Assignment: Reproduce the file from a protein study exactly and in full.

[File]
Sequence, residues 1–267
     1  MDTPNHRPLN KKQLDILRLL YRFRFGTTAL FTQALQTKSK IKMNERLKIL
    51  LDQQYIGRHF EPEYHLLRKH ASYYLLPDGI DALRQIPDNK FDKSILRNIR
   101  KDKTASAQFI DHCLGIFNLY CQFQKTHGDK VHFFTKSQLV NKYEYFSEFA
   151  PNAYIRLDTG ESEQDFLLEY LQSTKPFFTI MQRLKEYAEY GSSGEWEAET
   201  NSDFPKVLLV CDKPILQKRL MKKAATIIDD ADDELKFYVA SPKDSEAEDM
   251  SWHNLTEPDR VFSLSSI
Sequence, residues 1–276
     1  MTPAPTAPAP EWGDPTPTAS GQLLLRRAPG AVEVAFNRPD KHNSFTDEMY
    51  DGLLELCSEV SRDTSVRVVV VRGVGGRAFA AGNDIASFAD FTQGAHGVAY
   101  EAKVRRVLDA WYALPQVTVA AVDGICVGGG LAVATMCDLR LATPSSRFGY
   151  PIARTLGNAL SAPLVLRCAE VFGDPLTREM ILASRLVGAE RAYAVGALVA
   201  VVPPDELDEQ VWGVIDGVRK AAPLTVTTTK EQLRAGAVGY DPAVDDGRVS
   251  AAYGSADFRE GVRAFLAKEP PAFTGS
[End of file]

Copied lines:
Sequence, residues 1–267
     1  MDTPNHRPLN KKQLDILRLL YRFRFGTTAL FTQALQTKSK IKMNERLKIL
    51  LDQQYIGRHF EPEYHLLRKH ASYYLLPDGI DALRQIPDNK FDKSILRNIR
   101  KDKTASAQFI DHCLGIFNLY CQFQKTHGDK VHFFTKSQLV NKYEYFSEFA
   151  PNAYIRLDTG ESEQDFLLEY LQSTKPFFTI MQRLKEYAEY GSSGEWEAET
   201  NSDFPKVLLV CDKPILQKRL MKKAATIIDD ADDELKFYVA SPKDSEAEDM
   251  SWHNLTEPDR VFSLSSI
Sequence, residues 1–276
     1  MTPAPTAPAP EWGDPTPTAS GQLLLRRAPG AVEVAFNRPD KHNSFTDEMY
    51  DGLLELCSEV SRDTSVRVVV VRGVGGRAFA AGNDIASFAD FTQGAHGVAY
   101  EAKVRRVLDA WYALPQVTVA AVDGICVGGG LAVATMCDLR LATPSSRFGY
   151  PIARTLGNAL SAPLVLRCAE VFGDPLTREM ILASRLVGAE RAYAVGALVA
   201  VVPPDELDEQ VWGVIDGVRK AAPLTVTTTK EQLRAGAVGY DPAVDDGRVS
   251  AAYGSADFRE GVRAFLAKEP PAFTGS